Douglas A. Schuler
Professor of Business and Public Policy
Douglas Schuler is professor of business and public policy. His main research interests are corporate political activity, public policy, corporate social responsibility and non-profit organizations. He also does research about organizational collaborations about food insecurity in and around Houston. Schuler has published many research articles in top-tier academic outlets, including the Academy of Management Journal, Academy of Management Review, Business and Politics, Business Ethics Quarterly, Business & Society, California Management Review, Journal of Management, PLoS-ONE, and Strategic Management Journal. A member of the Rice Business faculty since 1992, he has taught many courses, most recently Business-Government Relations, Globalization of Business, and Social Entrepreneurship. Schuler has received several teaching and service awards at Rice, including the 1997 JGS Award for Teaching Excellence, 1997 Rice Graduate Students Association Teaching Award, the 2006 Rice Graduate Students Association Faculty/Staff Service Award, and the 2018 Teaching Award for Inquiry-Based Learning.
Schuler studied at the University of California, Berkeley (B.S., Business Administration) and the University of Minnesota (Ph.D., Strategic Management, School of Management). At Rice, he serves as a Senator in the Faculty Senate, on the Executive Committee for Rice 360 Institute for Global Health Technologies, and on the Advisory Committee for the Center for Civic Leadership.
PODCAST FEATURING PROFESSOR DOUG SCHULER
The Cantankerous Community Meal
A discussion featuring Professor Doug Schuler examining the challenges in social sector collaborations to address food insecurity.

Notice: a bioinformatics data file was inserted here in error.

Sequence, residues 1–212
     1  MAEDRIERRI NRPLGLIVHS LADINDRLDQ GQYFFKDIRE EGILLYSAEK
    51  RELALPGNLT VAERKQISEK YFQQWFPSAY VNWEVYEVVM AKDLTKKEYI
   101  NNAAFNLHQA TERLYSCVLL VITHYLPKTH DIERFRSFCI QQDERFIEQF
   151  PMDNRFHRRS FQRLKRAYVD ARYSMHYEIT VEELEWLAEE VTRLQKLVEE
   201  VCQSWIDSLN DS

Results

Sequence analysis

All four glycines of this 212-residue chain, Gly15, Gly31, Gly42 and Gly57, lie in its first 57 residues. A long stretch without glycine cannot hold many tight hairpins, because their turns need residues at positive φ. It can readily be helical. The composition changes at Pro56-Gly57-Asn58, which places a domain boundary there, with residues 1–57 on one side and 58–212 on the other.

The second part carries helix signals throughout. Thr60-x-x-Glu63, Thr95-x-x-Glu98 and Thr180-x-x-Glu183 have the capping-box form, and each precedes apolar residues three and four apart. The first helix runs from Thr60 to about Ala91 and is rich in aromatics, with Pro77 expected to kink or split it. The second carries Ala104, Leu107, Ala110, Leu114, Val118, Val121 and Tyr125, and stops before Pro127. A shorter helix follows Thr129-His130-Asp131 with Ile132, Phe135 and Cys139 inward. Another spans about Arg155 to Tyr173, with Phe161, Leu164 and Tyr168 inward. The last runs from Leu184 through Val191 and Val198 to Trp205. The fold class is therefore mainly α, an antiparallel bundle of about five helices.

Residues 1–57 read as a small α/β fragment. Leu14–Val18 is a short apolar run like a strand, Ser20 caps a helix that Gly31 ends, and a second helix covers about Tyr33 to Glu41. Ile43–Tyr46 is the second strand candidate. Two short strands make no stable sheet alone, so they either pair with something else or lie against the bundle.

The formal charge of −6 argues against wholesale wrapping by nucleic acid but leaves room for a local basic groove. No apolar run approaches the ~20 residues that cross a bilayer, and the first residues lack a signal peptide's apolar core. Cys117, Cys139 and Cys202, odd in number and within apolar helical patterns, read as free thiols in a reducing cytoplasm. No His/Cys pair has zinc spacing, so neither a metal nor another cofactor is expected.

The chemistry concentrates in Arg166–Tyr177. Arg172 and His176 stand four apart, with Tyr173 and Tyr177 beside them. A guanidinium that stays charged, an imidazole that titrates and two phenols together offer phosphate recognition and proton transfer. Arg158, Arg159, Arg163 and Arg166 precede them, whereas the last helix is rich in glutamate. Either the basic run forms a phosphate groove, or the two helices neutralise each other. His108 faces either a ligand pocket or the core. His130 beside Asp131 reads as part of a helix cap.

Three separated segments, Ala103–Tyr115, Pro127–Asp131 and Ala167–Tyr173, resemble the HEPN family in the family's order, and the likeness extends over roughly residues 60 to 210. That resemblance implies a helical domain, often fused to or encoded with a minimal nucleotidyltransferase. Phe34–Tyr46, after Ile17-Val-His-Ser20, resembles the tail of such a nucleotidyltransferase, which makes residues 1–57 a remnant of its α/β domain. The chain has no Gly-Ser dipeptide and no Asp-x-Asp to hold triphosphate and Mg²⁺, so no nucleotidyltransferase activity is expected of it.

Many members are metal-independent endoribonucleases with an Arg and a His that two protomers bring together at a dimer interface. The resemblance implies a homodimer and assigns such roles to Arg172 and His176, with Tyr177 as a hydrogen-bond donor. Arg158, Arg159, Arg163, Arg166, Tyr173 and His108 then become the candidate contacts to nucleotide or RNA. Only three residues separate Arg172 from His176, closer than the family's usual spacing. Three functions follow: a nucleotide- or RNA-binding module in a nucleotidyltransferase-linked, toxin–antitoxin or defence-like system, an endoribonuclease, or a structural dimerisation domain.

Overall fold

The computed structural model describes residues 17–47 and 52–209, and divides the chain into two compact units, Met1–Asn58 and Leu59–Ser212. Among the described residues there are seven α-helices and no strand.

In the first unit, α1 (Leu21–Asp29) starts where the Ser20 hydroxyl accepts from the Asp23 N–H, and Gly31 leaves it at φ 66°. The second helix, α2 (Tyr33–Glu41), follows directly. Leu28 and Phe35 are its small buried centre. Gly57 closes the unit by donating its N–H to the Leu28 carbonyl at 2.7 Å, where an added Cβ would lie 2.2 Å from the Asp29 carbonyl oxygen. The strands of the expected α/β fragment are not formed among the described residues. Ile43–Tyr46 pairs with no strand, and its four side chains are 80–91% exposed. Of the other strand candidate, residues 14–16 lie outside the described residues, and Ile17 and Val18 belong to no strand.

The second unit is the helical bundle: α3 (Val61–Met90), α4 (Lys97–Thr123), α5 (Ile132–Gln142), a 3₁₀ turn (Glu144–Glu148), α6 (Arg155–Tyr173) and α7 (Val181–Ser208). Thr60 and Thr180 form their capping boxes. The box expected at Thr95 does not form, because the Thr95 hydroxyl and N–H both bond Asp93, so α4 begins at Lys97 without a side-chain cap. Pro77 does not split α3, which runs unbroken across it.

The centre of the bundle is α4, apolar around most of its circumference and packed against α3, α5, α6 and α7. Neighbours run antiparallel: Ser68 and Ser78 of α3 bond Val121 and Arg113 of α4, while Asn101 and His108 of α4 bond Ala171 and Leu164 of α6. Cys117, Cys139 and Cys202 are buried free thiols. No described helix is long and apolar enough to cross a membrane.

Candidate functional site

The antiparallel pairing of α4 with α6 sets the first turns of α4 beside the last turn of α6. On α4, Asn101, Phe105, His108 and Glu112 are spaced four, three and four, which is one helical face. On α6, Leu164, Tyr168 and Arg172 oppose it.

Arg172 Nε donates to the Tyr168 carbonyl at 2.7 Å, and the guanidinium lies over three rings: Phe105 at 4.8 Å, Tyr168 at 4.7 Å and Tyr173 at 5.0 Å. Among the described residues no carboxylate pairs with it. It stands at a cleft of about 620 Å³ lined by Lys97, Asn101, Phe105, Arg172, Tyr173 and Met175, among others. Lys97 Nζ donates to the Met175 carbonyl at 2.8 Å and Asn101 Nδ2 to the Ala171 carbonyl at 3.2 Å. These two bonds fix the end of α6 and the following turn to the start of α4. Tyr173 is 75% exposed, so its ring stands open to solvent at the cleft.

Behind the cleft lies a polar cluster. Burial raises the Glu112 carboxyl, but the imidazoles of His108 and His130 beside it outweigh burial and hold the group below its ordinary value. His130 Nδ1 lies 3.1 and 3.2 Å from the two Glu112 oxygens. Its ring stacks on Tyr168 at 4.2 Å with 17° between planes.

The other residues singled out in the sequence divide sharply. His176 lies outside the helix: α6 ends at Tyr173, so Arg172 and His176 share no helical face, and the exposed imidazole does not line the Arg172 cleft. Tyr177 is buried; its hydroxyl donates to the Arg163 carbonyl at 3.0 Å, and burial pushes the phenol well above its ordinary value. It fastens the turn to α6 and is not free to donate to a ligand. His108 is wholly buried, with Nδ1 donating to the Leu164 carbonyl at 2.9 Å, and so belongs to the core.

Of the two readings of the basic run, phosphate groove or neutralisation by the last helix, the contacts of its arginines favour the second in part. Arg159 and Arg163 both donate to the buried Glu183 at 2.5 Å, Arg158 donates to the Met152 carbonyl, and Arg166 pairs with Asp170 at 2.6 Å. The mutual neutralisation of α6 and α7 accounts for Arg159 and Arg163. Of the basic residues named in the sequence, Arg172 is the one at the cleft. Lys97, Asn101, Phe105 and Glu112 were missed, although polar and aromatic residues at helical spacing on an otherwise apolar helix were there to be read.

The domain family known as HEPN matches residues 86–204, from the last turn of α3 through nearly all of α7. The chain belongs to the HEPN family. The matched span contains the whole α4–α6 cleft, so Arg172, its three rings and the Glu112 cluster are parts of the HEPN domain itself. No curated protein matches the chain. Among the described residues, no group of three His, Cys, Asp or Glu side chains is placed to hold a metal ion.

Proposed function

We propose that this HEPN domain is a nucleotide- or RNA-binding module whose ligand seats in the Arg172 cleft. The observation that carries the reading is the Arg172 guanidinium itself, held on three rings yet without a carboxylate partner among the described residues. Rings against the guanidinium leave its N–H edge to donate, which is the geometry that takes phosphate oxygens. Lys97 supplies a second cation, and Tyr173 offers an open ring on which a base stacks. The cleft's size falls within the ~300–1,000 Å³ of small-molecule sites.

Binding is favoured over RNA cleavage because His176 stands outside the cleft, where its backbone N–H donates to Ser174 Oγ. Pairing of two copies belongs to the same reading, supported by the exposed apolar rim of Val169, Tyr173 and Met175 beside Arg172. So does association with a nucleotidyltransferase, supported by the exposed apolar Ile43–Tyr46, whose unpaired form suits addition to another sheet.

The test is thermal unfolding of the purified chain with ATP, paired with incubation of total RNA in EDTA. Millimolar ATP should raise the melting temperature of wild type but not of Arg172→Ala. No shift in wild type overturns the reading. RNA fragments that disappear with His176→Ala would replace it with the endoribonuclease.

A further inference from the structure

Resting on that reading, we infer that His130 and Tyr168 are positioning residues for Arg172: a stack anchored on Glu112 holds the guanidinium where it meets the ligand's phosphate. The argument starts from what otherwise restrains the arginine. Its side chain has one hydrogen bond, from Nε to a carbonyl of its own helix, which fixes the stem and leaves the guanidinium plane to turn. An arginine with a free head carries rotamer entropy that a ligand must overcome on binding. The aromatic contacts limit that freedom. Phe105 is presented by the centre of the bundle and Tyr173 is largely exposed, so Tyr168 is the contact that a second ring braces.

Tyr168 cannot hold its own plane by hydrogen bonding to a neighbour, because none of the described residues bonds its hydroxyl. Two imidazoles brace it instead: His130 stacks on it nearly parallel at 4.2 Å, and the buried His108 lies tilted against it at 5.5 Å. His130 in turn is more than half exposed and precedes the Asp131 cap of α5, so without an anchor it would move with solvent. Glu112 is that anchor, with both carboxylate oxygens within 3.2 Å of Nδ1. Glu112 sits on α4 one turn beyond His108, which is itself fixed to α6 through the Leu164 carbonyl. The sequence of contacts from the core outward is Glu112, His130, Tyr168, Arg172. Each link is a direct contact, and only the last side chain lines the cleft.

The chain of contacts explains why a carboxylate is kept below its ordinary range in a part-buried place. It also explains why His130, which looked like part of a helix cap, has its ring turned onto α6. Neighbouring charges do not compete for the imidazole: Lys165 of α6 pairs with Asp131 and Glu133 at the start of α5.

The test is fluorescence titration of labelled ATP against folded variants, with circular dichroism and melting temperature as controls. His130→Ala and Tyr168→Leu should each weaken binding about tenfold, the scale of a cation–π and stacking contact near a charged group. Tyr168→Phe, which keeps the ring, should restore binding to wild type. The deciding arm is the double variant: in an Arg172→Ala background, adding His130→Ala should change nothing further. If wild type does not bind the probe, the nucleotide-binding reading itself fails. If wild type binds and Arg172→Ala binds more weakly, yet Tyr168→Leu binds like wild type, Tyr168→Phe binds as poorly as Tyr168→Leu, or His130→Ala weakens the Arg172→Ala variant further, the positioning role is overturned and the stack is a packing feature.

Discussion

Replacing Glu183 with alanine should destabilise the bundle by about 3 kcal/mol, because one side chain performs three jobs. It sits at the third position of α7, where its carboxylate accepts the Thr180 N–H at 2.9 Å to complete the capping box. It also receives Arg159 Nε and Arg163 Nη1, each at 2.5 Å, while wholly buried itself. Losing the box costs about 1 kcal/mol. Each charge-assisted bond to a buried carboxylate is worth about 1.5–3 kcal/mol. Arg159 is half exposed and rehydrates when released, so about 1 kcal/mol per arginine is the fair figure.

- Business and public policy
- Corporate political strategy
- Corporate social responsibility
- Social entrepreneurship
Doug Schuler primarily studies the political activities of companies (CPA). Among many questions, his articles explore the primary drivers of CPA, focusing upon both external and internal factors. His work also investigates the payoffs of political investments.
He also examines facets of corporate social responsibility (CSR). His work describes the linkages between a firm’s CSR and consumer purchases – the CSR linkage to financial performance. Other work examines CSR as practiced through voluntary organizations, such as industry self-regulatory governance mechanisms.
Recently, Schuler has studied corporate socio-political activism, such as when companies and/or their executives speak publicly or take actions towards controversial social or political issues (e.g., gun rights and restrictions, voting rights and restrictions).
He has written about non-governmental and non-profit organizations, especially critical about the business models they adopt to serve their clients. With colleagues, he is investigating such organizations in the context of food desert interventions in Houston.
In past years, with colleagues in engineering, Schuler studied the introduction of technologies into low-resource emerging markets settings. He was part of an effort to create a shipping container-based system for sterilizing medical instruments for health facilities that sit outside of a power grid such as in rural areas of developing countries.